Lord of the Flies on flight 967

| Comments (0) |
For reasons which don't bear going into I had a truly horrible routing for my trip back from the NIST IBE Workshop. This routing involved spending 7 hours in LAX between the hours of 12:08 AM and 7 AM. Luckily, I got to IAD early and was able to reroute myself onto the 7:45 flight, which had a reasonable chance of letting me make a 10:50 connection in LAX. I say 7:45 flight, but actually it was a 4 PM flight which had been massively delayed due to extreme weather conditions (tornado? monsoon? who knows) in the greater DC area. Anyway, weather conditions were looking temporarily OK and so I figured the sooner I got out of DC the better.

This probably wasn't the best decision ever since before we'd even gotten everyone seated the announcement came over the PA we were likely to be delayed and the pilot didn't know when we'd take off. At this point I thought better of the whole "get on the plane" scheme since waiting in the terminal with the other victims is probably more fun than being on the plane, but unfortunately they'd closed the door so I was stuck.

90 minutes after we'd boarded, we finally pushed back from the gate and then hung out on the tarmac for a while. When the FAs came around handing out granola bars I figured that was a pretty bad sign and sure enough listening to Channel 9 it quickly became clear that almost nobody was being allowed to take off. Finally, at 8:00 the pilot came over the PA and announced that he had no idea when we would be able to take off and he wanted to put it to a vote whether we should return to the get and let people get off the plane. A pretty significant number of people were in favor of this but then the clarification came in that if we returned to the gate the flight would be cancelled (bad) and that this would be treated as a weather-related cancellation so no accomodation compensation (worse), and the pilot asked people what their opinions were with this new information.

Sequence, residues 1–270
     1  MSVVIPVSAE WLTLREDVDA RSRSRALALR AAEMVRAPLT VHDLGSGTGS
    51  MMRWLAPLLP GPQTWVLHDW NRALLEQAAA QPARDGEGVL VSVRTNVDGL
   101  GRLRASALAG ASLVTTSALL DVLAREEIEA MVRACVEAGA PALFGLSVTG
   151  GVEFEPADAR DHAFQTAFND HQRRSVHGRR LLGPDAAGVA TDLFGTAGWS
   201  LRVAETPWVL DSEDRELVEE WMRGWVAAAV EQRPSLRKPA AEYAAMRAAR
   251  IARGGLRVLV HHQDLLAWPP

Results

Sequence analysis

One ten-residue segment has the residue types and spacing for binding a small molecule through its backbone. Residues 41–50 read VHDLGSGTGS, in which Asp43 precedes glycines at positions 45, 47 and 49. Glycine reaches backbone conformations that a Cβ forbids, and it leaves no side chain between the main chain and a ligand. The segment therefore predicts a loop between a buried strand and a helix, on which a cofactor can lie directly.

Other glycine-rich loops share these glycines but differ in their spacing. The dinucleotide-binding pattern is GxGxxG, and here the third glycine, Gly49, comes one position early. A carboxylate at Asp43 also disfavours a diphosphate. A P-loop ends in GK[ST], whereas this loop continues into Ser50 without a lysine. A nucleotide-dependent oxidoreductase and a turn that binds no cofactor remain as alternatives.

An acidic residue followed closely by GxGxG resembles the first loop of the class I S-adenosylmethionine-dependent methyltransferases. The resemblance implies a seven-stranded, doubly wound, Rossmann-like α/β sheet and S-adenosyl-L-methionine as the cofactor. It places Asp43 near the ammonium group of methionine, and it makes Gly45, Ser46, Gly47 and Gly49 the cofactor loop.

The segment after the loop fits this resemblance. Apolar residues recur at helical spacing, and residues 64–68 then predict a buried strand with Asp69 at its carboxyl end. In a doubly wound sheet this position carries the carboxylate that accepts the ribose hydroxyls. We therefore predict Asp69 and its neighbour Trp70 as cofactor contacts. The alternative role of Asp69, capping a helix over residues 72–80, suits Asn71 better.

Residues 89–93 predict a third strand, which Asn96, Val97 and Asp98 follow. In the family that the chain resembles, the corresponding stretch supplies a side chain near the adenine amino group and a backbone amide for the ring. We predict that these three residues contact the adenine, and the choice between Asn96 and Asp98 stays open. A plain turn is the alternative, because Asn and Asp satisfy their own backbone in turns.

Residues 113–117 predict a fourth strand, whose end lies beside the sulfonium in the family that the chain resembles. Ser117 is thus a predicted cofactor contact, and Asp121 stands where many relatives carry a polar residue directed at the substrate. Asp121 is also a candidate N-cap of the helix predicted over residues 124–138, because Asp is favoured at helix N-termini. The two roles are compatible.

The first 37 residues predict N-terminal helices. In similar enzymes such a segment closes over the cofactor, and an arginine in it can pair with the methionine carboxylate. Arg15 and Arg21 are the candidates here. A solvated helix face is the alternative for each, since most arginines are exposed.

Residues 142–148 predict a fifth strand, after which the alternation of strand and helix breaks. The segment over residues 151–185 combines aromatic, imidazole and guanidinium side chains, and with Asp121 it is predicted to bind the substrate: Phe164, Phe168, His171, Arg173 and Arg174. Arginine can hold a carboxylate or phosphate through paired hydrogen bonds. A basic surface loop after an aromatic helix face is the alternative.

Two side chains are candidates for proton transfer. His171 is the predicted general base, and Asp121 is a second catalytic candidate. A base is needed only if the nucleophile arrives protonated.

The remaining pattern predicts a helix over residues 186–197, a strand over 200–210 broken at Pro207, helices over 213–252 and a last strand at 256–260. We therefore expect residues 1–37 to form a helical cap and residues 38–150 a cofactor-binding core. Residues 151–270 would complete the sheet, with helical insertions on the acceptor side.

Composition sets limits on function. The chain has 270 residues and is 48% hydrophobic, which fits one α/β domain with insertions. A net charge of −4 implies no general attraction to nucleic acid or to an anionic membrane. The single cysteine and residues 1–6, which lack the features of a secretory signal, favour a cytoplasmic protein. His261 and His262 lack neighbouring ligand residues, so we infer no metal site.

Now, it's one thing to lose your slot in the departure queue, especially if it's not moving much anyway) and something totally different to have the flight cancelled and be stuck at IAD for the night, so at this point most of the people who wanted to deboard changed their minds, but a few held firm, raising the question of how many people wanting to get off is enough for them to turn the plane around, or, as the woman sitting near to me indignantly asked "you mean if three people want to get off, we have to go back to the gate and the flight is cancelled" (quoting from memory), which, while inartfully phrased, is an ethically sound question that I really have no idea how to answer. At one level, one is tempted to say that this is something that should be decided by democratic means, but on the other, it's not like being stuck in a metal tube sitting on the ground for 5 hours is part of whatever social contract you implicitly sign by getting on the plane so it does seem like the defectors ought to get some kind of veto.

Luckily, right about this time we go cleared for some sort of slot in the exit queue so people were sent back to their seats and the political crisis was averted. About 20 minutes later we finally took off, but of course we missed all connections in LAX so I got to spend a joyous 4 hours in the gate area, where I'm writing this now.

Leave a comment